the making the Executive the mere creature of the Legislature as a violation of
the fundamental principle of good Government.
Mr. MADISON & Mr. WILSON observed that it would leave an equality of agency in
the small with the great States; that it would enable a minority of the people
to prevent ye. removal of an officer who had rendered himself justly criminal in
the eyes of a majority; that it would open a door for intrigues agst. him in
States where his administration tho' just might be unpopular, and might tempt
him to pay court to particular States whose leading partizans he might fear, or
wish to engage as his partizans. They both thought it bad policy to introduce
such a mixture of the State authorities, where their agency could be otherwise
Mr. DICKENSON considered the business as
so important that no man ought to be silent or reserved. He went into a
discourse of some length, the sum of which was, that the Legislative, Executive,
& Judiciary departments ought to be made as independent. as possible; but
that such an Executive as some seemed to have in contemplation was not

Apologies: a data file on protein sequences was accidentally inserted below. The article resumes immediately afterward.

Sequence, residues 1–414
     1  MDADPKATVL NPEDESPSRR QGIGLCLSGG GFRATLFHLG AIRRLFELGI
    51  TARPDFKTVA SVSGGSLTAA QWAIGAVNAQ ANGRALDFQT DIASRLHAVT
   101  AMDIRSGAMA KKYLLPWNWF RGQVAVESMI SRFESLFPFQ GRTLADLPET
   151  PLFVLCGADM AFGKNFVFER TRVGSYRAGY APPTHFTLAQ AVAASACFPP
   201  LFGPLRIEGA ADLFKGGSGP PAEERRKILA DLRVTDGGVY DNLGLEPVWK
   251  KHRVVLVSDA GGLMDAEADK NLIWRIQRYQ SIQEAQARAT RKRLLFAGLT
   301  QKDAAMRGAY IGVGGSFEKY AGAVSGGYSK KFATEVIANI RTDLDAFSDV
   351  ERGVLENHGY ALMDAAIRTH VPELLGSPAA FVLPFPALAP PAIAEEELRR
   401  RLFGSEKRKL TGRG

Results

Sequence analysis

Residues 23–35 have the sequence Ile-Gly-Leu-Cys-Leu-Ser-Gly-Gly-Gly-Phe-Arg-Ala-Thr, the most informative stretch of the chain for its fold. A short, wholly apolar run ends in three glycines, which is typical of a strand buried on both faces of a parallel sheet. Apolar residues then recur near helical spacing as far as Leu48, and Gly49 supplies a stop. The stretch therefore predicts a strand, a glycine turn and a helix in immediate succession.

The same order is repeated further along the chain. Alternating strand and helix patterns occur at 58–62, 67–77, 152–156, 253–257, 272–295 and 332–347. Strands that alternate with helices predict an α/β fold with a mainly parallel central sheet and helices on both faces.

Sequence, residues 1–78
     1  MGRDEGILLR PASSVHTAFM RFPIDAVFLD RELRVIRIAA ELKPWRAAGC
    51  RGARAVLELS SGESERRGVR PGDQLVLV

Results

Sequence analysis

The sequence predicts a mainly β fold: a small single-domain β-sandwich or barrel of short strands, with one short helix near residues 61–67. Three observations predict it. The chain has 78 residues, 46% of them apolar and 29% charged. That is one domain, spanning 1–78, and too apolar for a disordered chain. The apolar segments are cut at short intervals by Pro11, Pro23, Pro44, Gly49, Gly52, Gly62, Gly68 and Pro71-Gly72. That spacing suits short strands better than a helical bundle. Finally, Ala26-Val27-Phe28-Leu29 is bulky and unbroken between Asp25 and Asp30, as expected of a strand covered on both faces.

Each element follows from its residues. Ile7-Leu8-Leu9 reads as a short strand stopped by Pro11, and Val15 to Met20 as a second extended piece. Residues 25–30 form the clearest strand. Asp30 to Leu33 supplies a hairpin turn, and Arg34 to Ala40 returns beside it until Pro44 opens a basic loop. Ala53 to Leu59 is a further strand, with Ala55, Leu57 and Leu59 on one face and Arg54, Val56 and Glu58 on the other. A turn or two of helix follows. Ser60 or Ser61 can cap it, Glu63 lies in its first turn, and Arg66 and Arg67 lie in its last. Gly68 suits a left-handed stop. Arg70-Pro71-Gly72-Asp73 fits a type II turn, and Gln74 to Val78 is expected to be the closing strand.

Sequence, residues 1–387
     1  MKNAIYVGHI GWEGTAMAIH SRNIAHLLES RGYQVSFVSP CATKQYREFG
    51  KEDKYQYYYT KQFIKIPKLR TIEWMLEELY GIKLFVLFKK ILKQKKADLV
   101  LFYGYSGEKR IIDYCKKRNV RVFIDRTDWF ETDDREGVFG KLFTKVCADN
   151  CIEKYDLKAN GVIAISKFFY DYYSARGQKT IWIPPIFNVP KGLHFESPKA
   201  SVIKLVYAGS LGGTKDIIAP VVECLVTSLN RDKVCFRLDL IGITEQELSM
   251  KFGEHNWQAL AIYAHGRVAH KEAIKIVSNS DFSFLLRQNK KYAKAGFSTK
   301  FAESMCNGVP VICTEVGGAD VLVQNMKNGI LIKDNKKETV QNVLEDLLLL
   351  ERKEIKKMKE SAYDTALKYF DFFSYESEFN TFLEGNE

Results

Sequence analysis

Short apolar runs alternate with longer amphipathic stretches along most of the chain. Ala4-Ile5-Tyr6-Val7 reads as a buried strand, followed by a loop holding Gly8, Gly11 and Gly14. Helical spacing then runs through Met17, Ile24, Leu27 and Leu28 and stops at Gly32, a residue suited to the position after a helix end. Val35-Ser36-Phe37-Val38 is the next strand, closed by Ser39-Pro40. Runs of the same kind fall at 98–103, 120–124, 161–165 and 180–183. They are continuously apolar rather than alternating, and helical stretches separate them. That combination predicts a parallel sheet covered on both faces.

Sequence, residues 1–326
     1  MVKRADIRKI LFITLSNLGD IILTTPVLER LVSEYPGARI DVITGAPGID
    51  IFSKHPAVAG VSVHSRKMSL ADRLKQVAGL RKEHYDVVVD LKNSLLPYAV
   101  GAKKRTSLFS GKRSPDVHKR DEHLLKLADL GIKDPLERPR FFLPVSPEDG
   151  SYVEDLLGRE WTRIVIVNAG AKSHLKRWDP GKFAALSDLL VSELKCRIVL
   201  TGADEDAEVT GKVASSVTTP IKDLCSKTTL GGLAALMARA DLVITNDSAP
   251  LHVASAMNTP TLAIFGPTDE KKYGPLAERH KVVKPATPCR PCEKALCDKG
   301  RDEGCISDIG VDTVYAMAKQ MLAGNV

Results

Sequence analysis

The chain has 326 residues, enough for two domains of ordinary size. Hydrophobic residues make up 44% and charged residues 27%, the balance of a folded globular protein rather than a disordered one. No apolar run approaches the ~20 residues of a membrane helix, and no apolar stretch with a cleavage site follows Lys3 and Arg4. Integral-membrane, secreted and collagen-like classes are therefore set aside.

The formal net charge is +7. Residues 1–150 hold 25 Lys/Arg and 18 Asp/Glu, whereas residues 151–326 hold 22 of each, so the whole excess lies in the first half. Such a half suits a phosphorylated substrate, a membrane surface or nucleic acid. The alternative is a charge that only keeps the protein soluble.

consistent with a republic: that a firm Executive could only exist in a limited
monarchy. In the British Govt. itself the weight of the Executive arises from
the attachments which the Crown draws to itself, & not merely from the force
of its prerogatives. In place of these attachments we must look out for
something else. One source of stability is the double branch of the Legislature.
The division of the Country into distinct States formed the other principal
source of stability. This division ought therefore to be maintained, and
considerable powers to be left with the States. This was the ground of his
consolation for the future fate of his Country. Without this, and in case of a
consolidation of the States into one great Republic, we might read its fate in
the history of smaller ones. A limited Monarchy he considered as one of
the best Governments in the world. It was not certain that the same
blessings were derivable from any other form. It was certain that equal
blessings had never yet been derived from any of the republican form. A limited
Monarchy however was out of the question. The spirit of the times — the
state of our affairs, forbade the experiment, if it were desireable. Was it
possible moreover in the nature of things to introduce it even if these
obstacles were less insuperable. A House of Nobles was essential to such a Govt.
could these be created by a breath, or by a stroke of the pen? No. They were the
growth of ages, and could only arise under a complication of circumstances none